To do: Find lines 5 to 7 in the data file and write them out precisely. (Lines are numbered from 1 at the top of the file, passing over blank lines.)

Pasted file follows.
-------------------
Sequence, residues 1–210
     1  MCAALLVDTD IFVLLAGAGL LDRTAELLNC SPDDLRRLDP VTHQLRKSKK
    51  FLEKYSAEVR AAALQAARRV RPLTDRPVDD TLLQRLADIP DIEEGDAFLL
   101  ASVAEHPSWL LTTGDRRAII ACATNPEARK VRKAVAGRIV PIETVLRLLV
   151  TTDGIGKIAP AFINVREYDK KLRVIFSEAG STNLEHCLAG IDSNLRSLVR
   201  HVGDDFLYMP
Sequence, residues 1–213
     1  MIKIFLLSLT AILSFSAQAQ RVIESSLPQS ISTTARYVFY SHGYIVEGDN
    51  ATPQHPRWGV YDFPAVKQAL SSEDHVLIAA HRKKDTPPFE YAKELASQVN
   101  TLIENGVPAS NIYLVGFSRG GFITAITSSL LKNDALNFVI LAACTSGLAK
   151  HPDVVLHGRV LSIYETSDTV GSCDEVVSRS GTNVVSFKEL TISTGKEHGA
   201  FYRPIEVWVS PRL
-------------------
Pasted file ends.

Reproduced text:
   151  TTDGIGKIAP AFINVREYDK KLRVIFSEAG STNLEHCLAG IDSNLRSLVR
   201  HVGDDFLYMP
Sequence, residues 1–213